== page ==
Option trading provides many advantages over other investment vehicles, including leverage, limited risk and insurance. However, they are not for beginner investors. It is important that you learn how they work and become familiar with different strategies before investing.
Leverage. One of largest benefits of using options is leverage. We know that options give the buyer the right, but not the obligation to buy a stock at a fixed price for specified length of time. Buying an option gives you exposure to price movement in the underlying stock at a fraction of the full purchase price of the underlying stock itself. So, for a given percentage change in the underlying price, the change in option price in percentage terms is much greater. In other words, you can enjoy the rewards of leverage, with only the predetermined and quantifiable risk of losing the premium, or the price paid for the option.
Consider this example. ABC stock is trading at €100. An investor believes ABC common stock will soon advance to €120 and decides to buy one contract of the ABC November 100 calls for a premium of €2. The cost of this transaction is just €200 plus commissions versus buying the stock outright at a cost of €10,000 plus commissions.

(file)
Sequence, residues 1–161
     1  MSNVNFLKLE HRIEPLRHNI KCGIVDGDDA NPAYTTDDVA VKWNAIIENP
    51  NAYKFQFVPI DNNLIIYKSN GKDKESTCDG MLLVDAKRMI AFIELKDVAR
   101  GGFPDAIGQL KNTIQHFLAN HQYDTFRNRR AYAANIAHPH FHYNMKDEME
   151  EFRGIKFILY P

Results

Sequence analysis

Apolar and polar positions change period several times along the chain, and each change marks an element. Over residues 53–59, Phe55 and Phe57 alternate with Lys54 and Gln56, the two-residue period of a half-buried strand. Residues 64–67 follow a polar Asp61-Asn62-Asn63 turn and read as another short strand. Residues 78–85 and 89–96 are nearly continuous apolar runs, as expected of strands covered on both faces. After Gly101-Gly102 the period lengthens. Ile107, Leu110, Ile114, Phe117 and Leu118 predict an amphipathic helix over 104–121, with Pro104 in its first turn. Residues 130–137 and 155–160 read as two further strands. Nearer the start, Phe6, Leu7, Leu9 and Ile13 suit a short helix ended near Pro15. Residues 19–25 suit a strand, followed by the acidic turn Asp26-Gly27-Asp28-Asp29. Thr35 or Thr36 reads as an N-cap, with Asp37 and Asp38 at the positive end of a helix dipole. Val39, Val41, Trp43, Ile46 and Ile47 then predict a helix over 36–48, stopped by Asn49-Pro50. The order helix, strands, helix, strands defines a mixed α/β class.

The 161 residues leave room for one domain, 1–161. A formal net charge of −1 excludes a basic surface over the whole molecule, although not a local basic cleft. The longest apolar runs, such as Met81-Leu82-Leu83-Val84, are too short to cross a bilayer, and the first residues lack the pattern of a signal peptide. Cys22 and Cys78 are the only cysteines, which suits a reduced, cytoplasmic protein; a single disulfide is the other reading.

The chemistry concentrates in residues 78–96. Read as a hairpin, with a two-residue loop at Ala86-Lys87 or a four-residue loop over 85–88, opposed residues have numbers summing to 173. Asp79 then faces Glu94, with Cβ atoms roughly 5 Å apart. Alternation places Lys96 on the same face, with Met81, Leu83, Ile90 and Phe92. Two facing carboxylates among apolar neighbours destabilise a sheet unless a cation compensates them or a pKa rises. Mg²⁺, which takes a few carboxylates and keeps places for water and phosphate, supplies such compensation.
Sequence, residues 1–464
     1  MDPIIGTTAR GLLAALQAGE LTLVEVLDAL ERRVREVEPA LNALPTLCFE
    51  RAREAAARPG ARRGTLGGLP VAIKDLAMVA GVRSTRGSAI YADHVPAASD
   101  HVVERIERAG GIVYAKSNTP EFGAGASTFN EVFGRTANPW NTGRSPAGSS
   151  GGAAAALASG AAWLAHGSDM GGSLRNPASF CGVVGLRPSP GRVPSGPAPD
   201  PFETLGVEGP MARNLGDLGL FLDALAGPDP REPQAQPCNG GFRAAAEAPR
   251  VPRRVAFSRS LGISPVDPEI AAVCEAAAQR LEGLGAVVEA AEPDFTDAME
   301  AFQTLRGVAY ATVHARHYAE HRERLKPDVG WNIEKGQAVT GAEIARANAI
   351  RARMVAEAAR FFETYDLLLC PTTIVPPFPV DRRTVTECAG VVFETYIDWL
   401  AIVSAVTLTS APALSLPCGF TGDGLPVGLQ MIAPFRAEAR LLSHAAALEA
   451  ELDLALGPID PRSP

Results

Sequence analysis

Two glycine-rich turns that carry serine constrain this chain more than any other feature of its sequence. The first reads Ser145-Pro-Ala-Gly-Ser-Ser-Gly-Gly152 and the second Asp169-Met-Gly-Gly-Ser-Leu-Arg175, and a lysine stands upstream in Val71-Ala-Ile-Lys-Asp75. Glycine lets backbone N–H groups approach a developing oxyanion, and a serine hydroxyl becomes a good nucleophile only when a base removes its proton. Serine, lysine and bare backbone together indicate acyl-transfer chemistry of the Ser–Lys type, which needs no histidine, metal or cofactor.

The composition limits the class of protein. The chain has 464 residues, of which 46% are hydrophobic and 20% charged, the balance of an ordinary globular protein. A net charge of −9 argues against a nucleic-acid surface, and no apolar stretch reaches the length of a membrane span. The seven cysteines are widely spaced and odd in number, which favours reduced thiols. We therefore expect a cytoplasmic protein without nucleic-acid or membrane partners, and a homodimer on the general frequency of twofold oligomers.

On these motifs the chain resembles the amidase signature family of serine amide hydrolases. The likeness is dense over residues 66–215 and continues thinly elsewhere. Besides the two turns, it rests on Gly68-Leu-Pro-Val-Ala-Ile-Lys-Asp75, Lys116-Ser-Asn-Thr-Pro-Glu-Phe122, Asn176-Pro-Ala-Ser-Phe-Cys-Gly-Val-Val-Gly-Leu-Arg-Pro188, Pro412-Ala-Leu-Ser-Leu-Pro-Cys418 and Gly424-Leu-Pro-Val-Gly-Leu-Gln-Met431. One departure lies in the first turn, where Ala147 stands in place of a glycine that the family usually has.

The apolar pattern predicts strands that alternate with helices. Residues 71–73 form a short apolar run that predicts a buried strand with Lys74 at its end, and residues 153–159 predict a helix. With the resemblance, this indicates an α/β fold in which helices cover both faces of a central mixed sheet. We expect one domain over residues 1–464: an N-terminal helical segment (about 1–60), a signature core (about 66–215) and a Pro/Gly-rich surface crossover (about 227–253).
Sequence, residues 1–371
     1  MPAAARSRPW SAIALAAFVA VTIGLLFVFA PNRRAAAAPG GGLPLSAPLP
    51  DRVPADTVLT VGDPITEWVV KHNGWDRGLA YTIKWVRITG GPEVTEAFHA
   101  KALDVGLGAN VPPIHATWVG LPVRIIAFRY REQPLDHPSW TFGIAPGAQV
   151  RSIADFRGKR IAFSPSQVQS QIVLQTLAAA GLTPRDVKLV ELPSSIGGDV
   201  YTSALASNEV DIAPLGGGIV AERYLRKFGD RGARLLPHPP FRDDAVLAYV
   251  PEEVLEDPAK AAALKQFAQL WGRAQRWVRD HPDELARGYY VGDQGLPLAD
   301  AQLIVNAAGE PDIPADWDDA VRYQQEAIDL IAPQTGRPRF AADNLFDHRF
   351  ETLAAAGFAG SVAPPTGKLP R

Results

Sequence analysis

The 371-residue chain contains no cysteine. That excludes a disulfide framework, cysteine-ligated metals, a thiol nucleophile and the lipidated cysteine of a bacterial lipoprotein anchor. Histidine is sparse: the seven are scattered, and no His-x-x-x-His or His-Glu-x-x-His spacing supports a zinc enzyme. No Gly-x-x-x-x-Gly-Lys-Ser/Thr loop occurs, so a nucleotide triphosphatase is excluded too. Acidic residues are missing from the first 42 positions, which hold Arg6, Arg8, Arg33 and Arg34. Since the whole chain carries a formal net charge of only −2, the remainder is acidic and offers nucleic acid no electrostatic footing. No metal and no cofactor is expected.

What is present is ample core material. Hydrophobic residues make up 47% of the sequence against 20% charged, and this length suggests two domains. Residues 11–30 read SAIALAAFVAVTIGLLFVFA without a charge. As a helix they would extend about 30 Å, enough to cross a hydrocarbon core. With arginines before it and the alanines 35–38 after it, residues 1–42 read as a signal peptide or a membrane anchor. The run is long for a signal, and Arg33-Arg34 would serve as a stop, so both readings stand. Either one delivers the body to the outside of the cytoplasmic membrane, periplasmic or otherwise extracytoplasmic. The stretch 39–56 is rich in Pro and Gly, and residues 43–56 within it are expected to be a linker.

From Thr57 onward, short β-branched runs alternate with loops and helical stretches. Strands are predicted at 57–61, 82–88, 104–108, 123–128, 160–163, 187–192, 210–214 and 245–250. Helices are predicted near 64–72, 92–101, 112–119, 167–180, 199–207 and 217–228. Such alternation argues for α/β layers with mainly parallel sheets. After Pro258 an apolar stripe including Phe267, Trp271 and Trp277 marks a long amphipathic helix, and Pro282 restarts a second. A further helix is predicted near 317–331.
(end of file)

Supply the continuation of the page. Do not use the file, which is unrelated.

If the investor is correct and ABC does rally to €120 the ABC November 100 calls would advance to €20, which is a gain of 900 percent or €1,800! If the investor had bought the common stock for a capital outlay of €10,000 the gain would have been a handsome €2,000but the return on investment would have been just 20 percent. In this case buying an option was the correct course of action.
Limited Risk. One of the biggest advantages option trading has over outright stock trading is the ability to take a view on market direction with limited risk while at the same time having unlimited profit potential. This is because option buyers have the right, not the obligation, to exercise the contract for the underlying at the exercise price. If the price is not right at the time of expiration, the buyer will forfeit his right and simply let the contract expire worthless.
Insurance. Another reason investors may use options is for portfolio insurance. Option contracts can give the risk-adverse investor a method to protect his downside risk in the event of a stock market crash.
Leverage. Of course leverage is a double-edged sword. If, in the above example, ABC common stock had remained at €100 through the life of the contract or worse, declined below the €100 strike level by the expiration date, the option would have declined to zero and the loss would have been 100 percent.
Cost. The cost of trading options includes commissions and the bid price is higher on a percentage basis than the underlying stock itself.
Complexity. In order to be a successful options trader, you must make an effort to educate yourself about how options work and different trading strategies. NYSE Euronext offers a wide range of classes suitable for both beginner and experienced options investors.
Time Decay. Options, by nature, are time sensitive. If you do not exercise a contract before its expiration date, the option will become worthless.